There’s a contrived controversy cooking in Cohasset. 1 James Island Way is a large lot of land on which a 7,823 square foot home is being proposed by the new owners, John and Jane Steinmetz, and some of the old neighbors are pissed. 1 James Island Way, Cohasset was cut out of a 10.58 acre lot located at 428 Atlantic Avenue, Cohasset. Here’s the map:
The Cohasset Mariner and The Patriot Ledger have done a very nice job of covering the story; the first story, from July 24th, is entitled “James Island, Cohasset construction has neighbors up in arms” and the second story, from August 2nd, is entitled “Conservation Commission weighs pros, cons of large Cohasset house project“. The Boston Globe then picked up the story and ran a nice synopsis on August 7th entitled “Cohasset family’s plan to build ‘dream home’ runs up against neighbors’ view“. I think that all three stories, combined, give a nice overview of the proceedings.
I’m picking sides. I’m picking John and Jane Steinmetz. I can’t tell you how badly this smacks of NIMBYism; NIMBY an acronym for Not In My Back Yard. There has never been any organized group that has been in favor of any ecological preservation of James Island, the supposed battle cry, until a Facebook page popped up sometime in July entitled “Save James island Cohasset“. And why would there be since the land has been privately owned? And why didn’t the group try to buy the land at any time in the past if they were so worried about the property’s ecological future? They’re worried that their house isn’t the best or the biggest in the neighborhood. They’re worried about their views. They’re worried, most importantly, about the values of their properties. What these people don’t understand is that the new house, if built as the drawings suggest, will only help to increase the value of their own properties. I don’t blame all the neighbors because there are some that support the proposed construction.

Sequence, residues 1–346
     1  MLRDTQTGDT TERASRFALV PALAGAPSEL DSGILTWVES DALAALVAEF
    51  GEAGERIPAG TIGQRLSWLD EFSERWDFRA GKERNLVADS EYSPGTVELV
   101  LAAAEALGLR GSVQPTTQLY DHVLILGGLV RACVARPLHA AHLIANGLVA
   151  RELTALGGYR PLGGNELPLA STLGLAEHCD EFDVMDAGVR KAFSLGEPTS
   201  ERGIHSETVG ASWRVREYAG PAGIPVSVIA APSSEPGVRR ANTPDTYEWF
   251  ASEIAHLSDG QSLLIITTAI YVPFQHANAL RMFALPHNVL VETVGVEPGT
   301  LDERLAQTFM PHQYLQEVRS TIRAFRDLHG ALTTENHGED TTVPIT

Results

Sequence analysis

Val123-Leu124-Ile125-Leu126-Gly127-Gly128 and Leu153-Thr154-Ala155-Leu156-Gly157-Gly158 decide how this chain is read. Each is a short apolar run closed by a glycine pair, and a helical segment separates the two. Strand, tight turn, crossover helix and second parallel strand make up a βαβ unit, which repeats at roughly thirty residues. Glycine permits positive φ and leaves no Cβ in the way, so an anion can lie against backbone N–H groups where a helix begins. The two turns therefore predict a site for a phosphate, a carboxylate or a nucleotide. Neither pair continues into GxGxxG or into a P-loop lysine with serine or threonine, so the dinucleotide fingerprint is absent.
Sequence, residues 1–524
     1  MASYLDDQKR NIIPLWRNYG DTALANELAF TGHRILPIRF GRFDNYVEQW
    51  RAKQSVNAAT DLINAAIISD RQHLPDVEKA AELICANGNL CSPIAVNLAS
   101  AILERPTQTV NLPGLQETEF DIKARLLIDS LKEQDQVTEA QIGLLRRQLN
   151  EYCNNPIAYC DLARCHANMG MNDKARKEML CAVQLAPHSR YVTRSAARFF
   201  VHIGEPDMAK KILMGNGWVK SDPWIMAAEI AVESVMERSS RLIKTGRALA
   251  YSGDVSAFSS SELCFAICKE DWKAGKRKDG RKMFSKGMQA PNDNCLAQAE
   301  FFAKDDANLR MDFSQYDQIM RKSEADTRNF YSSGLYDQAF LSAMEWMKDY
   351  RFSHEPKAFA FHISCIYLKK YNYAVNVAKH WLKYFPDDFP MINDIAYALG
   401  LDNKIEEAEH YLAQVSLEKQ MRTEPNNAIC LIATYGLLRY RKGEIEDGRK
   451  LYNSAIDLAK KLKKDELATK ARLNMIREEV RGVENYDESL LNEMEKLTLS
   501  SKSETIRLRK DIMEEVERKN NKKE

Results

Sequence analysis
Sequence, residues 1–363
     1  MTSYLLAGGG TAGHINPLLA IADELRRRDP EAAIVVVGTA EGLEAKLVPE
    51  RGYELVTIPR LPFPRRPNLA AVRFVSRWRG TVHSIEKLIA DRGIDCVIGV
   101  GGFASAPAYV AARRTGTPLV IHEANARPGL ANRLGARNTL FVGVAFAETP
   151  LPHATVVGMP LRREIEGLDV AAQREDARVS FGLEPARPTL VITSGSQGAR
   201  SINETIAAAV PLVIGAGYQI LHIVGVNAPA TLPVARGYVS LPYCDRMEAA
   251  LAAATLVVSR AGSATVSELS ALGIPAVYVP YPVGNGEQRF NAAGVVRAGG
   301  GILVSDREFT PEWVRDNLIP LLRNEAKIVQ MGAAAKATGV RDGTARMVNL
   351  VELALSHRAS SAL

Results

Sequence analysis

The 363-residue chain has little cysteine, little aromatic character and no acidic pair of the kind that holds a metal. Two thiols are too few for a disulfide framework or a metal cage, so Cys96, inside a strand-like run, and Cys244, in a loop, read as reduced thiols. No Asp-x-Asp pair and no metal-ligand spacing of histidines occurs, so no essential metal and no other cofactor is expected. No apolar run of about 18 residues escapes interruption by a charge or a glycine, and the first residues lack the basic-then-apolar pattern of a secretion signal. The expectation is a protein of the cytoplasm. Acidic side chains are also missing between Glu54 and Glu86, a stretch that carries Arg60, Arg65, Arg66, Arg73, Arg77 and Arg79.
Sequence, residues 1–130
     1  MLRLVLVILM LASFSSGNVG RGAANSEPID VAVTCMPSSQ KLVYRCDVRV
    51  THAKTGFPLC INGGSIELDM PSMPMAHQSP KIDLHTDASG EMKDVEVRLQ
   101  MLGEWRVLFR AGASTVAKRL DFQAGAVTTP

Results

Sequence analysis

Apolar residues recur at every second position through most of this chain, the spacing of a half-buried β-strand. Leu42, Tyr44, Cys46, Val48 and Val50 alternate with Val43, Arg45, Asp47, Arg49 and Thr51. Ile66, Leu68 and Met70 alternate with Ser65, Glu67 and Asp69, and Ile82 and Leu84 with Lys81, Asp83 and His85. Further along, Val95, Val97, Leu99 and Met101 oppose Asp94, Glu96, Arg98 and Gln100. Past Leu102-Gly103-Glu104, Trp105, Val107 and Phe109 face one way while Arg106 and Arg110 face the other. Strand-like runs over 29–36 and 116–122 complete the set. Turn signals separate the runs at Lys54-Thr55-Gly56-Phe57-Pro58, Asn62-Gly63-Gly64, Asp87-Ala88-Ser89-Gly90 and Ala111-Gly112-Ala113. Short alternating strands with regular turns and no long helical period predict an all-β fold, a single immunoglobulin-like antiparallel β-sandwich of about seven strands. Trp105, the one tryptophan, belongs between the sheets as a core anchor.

I’ve been dealing with land sales for many years and I’m going to offer a bit of advice for buyers of land. Don’t buy any land unless you are 100% sure that the land will be approved. There’s a term that real estate agents, including me, like to throw out called “by right” but “by right” isn’t always a slam dunk. A sometimes overlooked but very important detail when dealing with land is that the conservation commission wields a lot more power in cases of land abutting water than the building department. I just went through this with a property that I’m involved with in Stoughton that’s located within the buffer zone of a pond. Be careful!
I’m sure that John and Jane Steinmetz were advised by various experts but buying any land without approvals can be a risky proposition. Maybe the sellers of 1 James Island Way didn’t want to wait for the approval process? Maybe the Steinmetzes thought that they’d get a better deal if they took the risk? I don’t know the specifics of the deal. The Steinmetzes paid $1,200,000 for the land but they could be left with a large lot that may be deemed unbuildable if the neighbors prevail and that could be a very expensive mistake. I’m hoping that the powers that be in Cohasset side with the Steinmetzes.
My old football coach, Robert “Bob” Silvia, is the Chief of the Cohasset Fire Department and I’m sure that he wouldn’t have given his approval if he thought that there’d be any issues with gaining access to the home in the case of a fire. He’s a pragmatic and shrewd guy and he also happens to be a defensive genius so his opinion is as good as gold. Go Skippers!
There’s a Cohasset Planning Board meeting scheduled for tonight at 7 PM, according to a Notice of Public Hearing that appeared in The Patriot Ledger on August 5th. Grab your seats and get the popcorn!
Disclosure: I attended Cohasset High School with Juliana Chittick-Tiryaki and Benjamin “Ben” Chittick. Juliana is an architect for the project at 1 James Island Way and is an owner of Tiryaki Architectural Design.
Are you looking for land in Cohasset? Here’s the land that’s currently being offered for sale in the MLS: